(CNN) - Asked if he would end his campaign should his wealthiest backer, Sheldon Adelson, urge him to do so, Newt Gingrich insisted Friday he would stick it out until the very end.
"I'll be with you in Tampa," Gingrich said on CBS' "This Morning."
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Adelson, a Nevada casino mogul well known for his strong support for Israel, has donated millions in recent months to Winning Our Future, a pro-Gingrich super PAC.
"I'm happy to have somebody–who cares passionately about the Iranian nuclear weapon and somebody who cares passionately about the survival of Israel–independently support me," Gingrich said.
But the former House speaker argued Friday he has more than 175,000 online donors to consider when making a decision about his presidential run.
"They want me to stay in the race, and I really represent their interest as individuals," he said, adding that 95% of them have given less than $250.
After losing contests in Alabama and Mississippi this week, two states that many political observers considered must-wins for Gingrich to remain a viable candidate, the former speaker has faced mounting calls among Republican circles to drop out of the race.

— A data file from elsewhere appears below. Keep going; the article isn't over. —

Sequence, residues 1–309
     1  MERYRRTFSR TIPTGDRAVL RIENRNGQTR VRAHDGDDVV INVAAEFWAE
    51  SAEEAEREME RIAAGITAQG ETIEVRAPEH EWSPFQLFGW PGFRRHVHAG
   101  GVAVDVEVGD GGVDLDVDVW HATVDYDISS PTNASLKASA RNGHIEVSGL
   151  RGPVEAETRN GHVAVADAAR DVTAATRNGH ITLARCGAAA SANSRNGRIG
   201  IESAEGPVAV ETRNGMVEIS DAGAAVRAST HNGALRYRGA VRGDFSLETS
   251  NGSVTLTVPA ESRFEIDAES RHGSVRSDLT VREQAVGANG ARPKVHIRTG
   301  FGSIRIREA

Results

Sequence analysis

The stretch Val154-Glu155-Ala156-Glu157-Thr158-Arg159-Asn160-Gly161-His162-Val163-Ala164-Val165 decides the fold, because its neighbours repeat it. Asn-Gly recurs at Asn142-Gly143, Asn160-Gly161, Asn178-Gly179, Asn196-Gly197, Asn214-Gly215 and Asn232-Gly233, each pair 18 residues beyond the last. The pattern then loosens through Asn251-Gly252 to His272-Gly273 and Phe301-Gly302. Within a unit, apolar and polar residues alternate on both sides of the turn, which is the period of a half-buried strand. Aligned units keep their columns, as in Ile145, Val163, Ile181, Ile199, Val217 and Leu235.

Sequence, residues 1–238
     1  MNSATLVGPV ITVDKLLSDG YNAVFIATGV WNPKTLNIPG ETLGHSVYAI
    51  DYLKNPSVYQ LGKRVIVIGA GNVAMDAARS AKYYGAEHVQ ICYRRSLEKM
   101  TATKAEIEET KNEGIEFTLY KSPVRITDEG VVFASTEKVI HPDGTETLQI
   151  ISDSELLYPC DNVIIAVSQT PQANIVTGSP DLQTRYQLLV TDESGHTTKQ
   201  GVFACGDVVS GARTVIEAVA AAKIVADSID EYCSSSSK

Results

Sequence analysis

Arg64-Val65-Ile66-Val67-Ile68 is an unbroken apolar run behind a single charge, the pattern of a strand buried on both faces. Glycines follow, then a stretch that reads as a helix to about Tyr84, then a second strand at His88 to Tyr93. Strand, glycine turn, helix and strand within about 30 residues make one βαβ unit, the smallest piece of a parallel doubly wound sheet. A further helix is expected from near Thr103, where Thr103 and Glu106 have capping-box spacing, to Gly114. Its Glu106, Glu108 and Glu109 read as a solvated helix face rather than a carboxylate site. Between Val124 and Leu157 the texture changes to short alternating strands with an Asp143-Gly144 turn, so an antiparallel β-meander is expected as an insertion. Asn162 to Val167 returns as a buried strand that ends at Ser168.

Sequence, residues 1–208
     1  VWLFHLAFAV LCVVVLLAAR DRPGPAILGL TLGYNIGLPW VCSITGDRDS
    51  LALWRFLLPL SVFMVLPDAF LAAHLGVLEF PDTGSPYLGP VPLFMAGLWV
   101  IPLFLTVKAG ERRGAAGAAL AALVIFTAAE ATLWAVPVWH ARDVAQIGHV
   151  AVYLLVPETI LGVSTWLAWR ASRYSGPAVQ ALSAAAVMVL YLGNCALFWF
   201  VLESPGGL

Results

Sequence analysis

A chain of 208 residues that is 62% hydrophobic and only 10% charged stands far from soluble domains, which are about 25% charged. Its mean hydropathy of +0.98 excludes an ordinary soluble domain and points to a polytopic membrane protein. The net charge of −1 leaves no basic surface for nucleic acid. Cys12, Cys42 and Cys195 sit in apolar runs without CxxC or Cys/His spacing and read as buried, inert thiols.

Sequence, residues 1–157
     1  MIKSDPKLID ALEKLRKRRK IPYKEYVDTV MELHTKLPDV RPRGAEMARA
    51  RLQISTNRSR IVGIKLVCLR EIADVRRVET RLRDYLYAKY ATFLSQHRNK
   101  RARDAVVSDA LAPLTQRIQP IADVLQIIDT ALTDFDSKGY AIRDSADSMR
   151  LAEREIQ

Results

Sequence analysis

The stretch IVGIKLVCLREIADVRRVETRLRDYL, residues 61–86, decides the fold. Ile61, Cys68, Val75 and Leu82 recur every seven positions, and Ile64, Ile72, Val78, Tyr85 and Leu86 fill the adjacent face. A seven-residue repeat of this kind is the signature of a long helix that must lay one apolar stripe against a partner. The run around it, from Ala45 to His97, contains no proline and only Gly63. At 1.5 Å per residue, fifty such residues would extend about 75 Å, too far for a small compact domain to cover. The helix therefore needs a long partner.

One person not making that call, however, is rival Mitt Romney. The Republican candidate has largely kept quiet on the issue, signaling that Team Romney thinks Gingrich's candidacy is splitting the conservative vote, thus keeping Rick Santorum from surging ahead in the GOP horse race.
Asked on Friday if he thought Gingrich was hurting the Republican Party by staying in the race and shoring up delegates, Romney avoided making the case that his opponent should call it quits.
"Well, I don't know, but he certainly has every right to carry his campaign as long as he feels it has a meaningful opportunity for him to become the nominee and he cares very deeply about the country as I do, and I wish him well," Romney said on Fox News.
- CNN Political Editor Paul Steinhauser contributed to this report.